How to turn a 3D printer into a giant house

We’ve all been there.

You’ve come home from a night out and found that your fridge is empty.

Your favorite drink is gone.

You want to make dinner and can’t find it.

You look around and realize your kitchen is completely empty.

All of these are the same scenario: a house built out of cardboard.

The same problem that plagued us as a kid: no way to get our cardboard home.

Luckily, there’s a solution: a 3-D printer. 

The DIY solution: 3D printing your home A few years ago, I built a small, one-bedroom apartment in my parents’ garage in New Jersey.

I had a few problems: the place was too small for my 2-year-old daughter to sit in, and the attic was in disrepair.

Luckily for me, my dad’s business, The Dorm, had been selling 3D printed beds, so I bought them.

The bed was so perfect, I thought, why not try 3D-printing it myself? 

In the end, my project turned out to be much more impressive than I could have imagined. 

I didn’t even need to build a house out of wood.

I printed out a custom-designed 3D model of the whole thing and took it to the printer.

After about three weeks, the bed was ready to build. 

A photo of the finished bed. 

The bed was just big enough to hold the printer, but not too big to put up a window or open doors. 

It was so much fun building it out of just cardboard, but it took some work to make it print perfectly.

After printing the bed, I took it outside, built a roof over it, and moved the bed into the attic. 

What you’re about to read is the story of how I learned to build my own home out of a cardboard box.

The story started when my father took me to the local hardware store and asked for a set of 3D printers.

“Hey, do you have a 3d printer?” he asked, pointing to one of the printers hanging next to a cabinet.

“No, but you could buy one for $20, and we’ll show you how.”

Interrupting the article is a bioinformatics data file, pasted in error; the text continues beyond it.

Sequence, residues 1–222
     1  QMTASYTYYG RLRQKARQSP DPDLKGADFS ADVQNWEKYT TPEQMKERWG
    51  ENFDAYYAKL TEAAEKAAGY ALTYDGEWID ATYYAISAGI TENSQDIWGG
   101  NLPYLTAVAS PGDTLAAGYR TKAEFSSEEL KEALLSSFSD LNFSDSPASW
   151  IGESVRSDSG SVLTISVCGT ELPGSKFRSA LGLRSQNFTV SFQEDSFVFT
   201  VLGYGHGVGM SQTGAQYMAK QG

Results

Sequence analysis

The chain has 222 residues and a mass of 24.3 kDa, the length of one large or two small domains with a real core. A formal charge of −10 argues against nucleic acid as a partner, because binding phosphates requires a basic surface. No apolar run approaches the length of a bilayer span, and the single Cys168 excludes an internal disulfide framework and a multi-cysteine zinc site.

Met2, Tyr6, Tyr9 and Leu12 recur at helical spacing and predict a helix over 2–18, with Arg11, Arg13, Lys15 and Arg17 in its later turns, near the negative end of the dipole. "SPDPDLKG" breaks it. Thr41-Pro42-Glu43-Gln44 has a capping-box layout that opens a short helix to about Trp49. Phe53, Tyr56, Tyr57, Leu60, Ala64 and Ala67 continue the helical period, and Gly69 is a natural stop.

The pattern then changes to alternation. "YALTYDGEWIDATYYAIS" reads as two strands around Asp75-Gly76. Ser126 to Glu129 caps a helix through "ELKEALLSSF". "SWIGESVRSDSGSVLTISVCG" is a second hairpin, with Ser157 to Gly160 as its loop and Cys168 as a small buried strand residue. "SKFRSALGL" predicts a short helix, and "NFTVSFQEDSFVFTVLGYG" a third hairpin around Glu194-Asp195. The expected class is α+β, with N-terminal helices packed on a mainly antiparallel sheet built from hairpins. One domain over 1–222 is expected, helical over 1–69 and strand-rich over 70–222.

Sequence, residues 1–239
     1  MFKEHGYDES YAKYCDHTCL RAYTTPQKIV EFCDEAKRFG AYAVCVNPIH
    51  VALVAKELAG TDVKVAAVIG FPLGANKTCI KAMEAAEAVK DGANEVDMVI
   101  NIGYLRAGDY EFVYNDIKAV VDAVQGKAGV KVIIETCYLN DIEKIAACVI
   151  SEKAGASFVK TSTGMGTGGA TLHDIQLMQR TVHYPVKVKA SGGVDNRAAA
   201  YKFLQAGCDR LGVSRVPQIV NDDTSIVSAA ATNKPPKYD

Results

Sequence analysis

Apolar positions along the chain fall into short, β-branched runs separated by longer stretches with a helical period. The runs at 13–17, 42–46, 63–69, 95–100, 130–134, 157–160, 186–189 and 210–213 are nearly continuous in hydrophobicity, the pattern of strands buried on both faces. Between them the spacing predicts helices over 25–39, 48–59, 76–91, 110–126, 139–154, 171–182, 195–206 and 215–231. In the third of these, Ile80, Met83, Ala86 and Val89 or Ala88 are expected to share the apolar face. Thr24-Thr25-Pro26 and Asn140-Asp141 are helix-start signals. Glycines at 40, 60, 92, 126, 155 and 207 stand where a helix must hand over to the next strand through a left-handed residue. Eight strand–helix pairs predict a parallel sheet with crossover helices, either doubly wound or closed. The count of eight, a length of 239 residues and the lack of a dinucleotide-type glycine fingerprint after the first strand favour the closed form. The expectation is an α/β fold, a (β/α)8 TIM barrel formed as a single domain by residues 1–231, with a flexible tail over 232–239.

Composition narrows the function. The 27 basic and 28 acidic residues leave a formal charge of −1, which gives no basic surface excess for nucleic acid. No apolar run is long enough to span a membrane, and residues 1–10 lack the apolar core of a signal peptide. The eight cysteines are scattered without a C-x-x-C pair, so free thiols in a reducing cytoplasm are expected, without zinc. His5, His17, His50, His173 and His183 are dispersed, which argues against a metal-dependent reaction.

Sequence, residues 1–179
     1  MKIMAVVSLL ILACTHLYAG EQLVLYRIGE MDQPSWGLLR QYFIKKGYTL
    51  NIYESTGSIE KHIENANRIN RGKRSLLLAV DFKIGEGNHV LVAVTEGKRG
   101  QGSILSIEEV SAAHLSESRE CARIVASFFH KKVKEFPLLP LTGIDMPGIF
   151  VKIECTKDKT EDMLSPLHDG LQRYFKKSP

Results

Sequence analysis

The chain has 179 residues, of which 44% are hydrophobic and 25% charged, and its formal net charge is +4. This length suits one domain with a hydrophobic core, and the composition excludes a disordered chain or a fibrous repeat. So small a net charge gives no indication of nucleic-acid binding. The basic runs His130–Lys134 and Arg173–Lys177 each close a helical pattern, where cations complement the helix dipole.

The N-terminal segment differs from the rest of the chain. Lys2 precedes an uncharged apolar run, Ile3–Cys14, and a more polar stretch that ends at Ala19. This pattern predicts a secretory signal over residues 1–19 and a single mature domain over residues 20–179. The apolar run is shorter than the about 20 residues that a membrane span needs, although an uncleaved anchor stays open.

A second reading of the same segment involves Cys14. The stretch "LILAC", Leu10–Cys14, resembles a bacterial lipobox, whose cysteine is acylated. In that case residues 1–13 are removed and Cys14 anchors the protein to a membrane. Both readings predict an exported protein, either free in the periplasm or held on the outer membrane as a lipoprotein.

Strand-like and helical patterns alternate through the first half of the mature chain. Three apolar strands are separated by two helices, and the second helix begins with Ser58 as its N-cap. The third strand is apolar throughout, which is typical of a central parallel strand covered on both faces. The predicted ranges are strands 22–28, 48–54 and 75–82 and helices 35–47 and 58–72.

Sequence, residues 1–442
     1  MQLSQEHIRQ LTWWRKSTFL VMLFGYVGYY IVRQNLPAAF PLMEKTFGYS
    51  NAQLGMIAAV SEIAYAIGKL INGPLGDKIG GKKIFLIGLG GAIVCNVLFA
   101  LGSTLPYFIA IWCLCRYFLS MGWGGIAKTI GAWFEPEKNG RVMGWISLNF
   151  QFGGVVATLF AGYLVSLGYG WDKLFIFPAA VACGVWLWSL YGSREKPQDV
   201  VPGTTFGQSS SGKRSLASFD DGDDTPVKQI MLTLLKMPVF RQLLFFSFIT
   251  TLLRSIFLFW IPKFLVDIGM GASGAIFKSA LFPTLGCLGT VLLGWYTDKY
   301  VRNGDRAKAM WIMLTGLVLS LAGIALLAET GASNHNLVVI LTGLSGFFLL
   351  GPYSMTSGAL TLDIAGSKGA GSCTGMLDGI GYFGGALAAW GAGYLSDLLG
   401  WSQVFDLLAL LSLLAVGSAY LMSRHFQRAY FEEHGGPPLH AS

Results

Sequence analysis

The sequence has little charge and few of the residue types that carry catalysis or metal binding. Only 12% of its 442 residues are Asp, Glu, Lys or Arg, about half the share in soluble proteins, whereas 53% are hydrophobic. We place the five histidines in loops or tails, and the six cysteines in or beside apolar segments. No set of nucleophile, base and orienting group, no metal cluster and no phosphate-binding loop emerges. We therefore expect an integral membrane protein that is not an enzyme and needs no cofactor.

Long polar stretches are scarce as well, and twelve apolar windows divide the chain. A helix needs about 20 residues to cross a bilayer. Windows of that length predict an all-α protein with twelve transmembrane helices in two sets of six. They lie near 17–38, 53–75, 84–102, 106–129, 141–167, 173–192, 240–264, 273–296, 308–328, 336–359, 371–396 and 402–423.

I had a feeling I would find my way to this 3D manufacturing company when I got home from the printer test, but as I started building my house, I realized it wasn’t quite the house I’d envisioned.

A 3D build of the entire house. 

So, I had to start from scratch.

When I bought my 3D prints, I knew I wanted a house that was completely open to the elements.

I knew the best place to store everything was in the basement, but I also knew I could never build the house out there.

That was when I learned about 3D modeling. 

In the beginning, 3D models are made out of plastic.

Plastic is pretty rigid, but plastic can bend if the model is too heavy.

I wanted to build the base of my house out entirely out of the stuff you can buy in a hardware store.

I wanted to have all the pieces on a single plastic base that would fit on a piece of cardboard or a piece that would make a perfect wall frame.

I even decided to print the entire structure out of polyester.

But building out the whole house from scratch is not easy.

I first had to print out the house and build the walls.

That took more time than I expected, because I didn’t know the right materials for my house.

One of my problems with building a house is that there’s usually no way for me to check if the walls are complete.

I would have to build everything myself, which I could not do.

My first 3D print ended up being a simple 2-by-4-foot rectangle.

Then I had one problem: I wanted the walls to be tall enough to be visible.

To do that, I printed a rectangle that would be about 1/8th of an inch tall.

This meant that I needed to build around a wall that was at least one-half of an average size, and at least 1/4 of an additional inch.

I ended up having to make a 3x3x1 foot rectangle, which would take about two weeks to print and print again.

This wasn’t going to work.

The next problem was that the house was too large.

I needed a house with a few floors, not a complete house.

I started to think about what the best way to build this house would be.

After some trial and error, I finally settled on a 3×3 plan.

I’d start with a 2-foot-wide section of wood on the floor, then add 2-1/2-foot sections of plywood to the end of that section, then lay down an even thicker wall.

The final wall was the longest I could lay down, and I wanted it to be